Extracorporeal Membrane Oxygenation and Reperfusion Strategies in High-Risk Pulmonary Embolism Hospitalizations

Crit Care Med. 2024 Jun 21. doi: 10.1097/CCM.0000000000006361. Online ahead of print.


Objectives: To investigate the contemporary use of extracorporeal membrane oxygenation (ECMO) in conjunction with reperfusion strategies in high-risk pulmonary embolism (PE).

Design: Observational epidemiological analysis.

Setting: The U.S. Nationwide Inpatient Sample (NIS) (years 2016-2020).

Patients: High-risk PE hospitalizations.

Measurements and main results: Use of ECMO in conjunction with thrombolysis-based reperfusion (systemic thrombolysis or catheter-directed thrombolysis) or mechanical reperfusion (surgical embolectomy or catheter-based thrombectomy) with regards to in-hospital mortality and major bleeding. We identified high-risk PE hospitalizations in the NIS (years 2016-2020) and investigated the use of ECMO in conjunction with thrombolysis-based (systemic thrombolysis or catheter-directed thrombolysis) and mechanical (surgical embolectomy or catheter-based thrombectomy) reperfusion strategies with regards to in-hospital mortality and major bleeding. Among 122,735 hospitalizations for high-risk PE, ECMO was used in 2,805 (2.3%); stand-alone in 1.4%, thrombolysis-based reperfusion in 0.4%, and mechanical reperfusion in 0.5%. Compared with neither reperfusion nor ECMO, ECMO plus thrombolysis-based reperfusion was associated with reduced in-hospital mortality (adjusted odds ratio [aOR] 0.61; 95% CI, 0.38-0.98), whereas no difference was found with ECMO plus mechanical reperfusion (aOR 1.03; 95% CI, 0.67-1.60), and ECMO stand-alone was associated with increased in-hospital mortality (aOR 1.60; 95% CI, 1.22-2.10). In the cardiac arrest subgroup, ECMO was associated with reduced in-hospital mortality (aOR 0.71; 95% CI, 0.53-0.93). Among all patients on ECMO, thrombolysis-based reperfusion was significantly associated (aOR 0.55; 95% CI, 0.33-0.91), and mechanical reperfusion showed a trend (aOR 0.75; 95% CI, 0.47-1.19) toward reduced in-hospital mortality compared with no reperfusion, without increases in major bleeding.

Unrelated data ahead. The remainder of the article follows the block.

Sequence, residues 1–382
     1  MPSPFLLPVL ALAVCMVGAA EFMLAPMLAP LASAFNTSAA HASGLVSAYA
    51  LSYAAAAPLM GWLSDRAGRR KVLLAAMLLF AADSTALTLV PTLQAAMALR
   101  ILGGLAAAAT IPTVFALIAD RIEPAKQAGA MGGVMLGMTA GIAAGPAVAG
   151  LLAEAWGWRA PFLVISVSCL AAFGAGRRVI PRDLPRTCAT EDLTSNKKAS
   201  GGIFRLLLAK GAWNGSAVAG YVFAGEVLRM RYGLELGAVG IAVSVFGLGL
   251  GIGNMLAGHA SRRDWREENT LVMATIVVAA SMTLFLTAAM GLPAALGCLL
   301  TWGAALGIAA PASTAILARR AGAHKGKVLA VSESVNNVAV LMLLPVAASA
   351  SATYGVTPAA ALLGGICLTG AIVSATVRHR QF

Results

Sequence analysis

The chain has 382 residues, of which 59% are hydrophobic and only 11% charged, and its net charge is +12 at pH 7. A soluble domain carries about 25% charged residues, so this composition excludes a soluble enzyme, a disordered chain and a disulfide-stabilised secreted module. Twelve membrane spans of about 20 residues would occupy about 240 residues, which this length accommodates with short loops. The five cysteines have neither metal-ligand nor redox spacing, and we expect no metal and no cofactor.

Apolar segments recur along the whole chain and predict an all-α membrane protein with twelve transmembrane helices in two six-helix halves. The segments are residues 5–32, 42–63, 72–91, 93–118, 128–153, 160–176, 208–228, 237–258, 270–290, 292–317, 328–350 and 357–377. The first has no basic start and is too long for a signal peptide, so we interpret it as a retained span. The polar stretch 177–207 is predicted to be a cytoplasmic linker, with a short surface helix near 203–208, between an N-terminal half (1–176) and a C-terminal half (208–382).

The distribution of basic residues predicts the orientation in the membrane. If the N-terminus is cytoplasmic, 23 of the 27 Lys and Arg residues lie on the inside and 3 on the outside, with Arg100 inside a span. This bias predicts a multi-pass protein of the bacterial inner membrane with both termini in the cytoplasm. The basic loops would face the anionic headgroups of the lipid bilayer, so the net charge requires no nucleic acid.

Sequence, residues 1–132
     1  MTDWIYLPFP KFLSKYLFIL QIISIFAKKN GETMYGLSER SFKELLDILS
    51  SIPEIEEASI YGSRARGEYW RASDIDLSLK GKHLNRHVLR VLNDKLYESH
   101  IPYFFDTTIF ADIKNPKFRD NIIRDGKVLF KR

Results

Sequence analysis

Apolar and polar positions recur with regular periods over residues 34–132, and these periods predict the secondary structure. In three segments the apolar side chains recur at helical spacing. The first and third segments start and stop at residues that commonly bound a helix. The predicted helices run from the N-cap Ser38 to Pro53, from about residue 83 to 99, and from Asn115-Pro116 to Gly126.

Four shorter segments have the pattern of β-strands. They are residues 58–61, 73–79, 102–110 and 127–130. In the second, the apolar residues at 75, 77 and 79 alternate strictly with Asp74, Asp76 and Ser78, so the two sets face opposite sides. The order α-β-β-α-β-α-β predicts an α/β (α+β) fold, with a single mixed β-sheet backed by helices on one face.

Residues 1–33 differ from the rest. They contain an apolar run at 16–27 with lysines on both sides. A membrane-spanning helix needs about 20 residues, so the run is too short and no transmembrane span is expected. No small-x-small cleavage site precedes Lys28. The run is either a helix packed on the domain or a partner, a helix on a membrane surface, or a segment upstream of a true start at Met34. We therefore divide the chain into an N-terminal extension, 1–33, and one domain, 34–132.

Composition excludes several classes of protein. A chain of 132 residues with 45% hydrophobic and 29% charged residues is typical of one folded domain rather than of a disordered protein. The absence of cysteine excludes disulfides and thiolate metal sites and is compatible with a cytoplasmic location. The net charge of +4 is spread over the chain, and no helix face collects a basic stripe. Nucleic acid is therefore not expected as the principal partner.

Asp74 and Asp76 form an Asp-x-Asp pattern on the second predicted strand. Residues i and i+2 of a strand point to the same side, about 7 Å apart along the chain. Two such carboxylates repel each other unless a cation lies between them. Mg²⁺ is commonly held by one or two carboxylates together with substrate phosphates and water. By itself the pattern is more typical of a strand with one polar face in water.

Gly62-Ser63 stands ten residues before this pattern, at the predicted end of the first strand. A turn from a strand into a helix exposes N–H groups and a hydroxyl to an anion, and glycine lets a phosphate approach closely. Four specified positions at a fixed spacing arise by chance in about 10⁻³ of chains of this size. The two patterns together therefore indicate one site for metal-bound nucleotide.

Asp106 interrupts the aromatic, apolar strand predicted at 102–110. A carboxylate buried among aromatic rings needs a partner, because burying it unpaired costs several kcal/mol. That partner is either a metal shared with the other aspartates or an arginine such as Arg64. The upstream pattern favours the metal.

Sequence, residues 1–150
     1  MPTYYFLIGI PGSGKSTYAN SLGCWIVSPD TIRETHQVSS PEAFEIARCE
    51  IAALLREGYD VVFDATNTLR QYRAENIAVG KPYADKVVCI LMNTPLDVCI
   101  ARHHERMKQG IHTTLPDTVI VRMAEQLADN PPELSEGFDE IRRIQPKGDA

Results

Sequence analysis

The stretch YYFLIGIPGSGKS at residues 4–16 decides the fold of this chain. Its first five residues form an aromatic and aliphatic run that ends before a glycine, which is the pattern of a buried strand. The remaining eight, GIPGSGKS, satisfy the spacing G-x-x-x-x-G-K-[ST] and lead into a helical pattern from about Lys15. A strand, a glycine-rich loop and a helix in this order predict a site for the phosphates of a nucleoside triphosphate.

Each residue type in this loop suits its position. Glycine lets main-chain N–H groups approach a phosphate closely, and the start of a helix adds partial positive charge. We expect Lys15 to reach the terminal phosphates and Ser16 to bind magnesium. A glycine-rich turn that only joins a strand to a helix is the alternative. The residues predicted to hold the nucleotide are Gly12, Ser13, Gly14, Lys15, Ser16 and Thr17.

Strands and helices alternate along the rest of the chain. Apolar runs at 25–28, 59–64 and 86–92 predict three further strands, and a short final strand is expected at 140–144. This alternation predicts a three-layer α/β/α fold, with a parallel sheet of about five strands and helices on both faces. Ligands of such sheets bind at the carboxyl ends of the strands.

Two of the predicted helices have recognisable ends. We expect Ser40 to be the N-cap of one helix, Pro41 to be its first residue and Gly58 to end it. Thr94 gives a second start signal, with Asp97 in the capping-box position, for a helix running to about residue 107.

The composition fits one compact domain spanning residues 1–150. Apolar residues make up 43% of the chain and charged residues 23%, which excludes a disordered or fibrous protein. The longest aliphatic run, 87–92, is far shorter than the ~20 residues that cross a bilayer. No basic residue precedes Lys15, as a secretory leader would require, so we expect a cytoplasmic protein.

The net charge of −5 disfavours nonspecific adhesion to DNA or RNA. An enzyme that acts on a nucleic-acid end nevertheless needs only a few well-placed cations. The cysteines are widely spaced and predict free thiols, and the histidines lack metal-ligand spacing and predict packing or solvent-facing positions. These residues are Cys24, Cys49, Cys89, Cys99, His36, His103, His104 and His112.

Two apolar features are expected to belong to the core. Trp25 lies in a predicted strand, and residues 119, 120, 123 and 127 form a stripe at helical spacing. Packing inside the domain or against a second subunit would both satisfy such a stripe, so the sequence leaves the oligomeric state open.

Conclusions: In patients with high-risk PE and refractory hemodynamic instability, ECMO may be a valuable supportive treatment in conjunction with reperfusion treatment but not as a stand-alone treatment especially for patients suffering from cardiac arrest.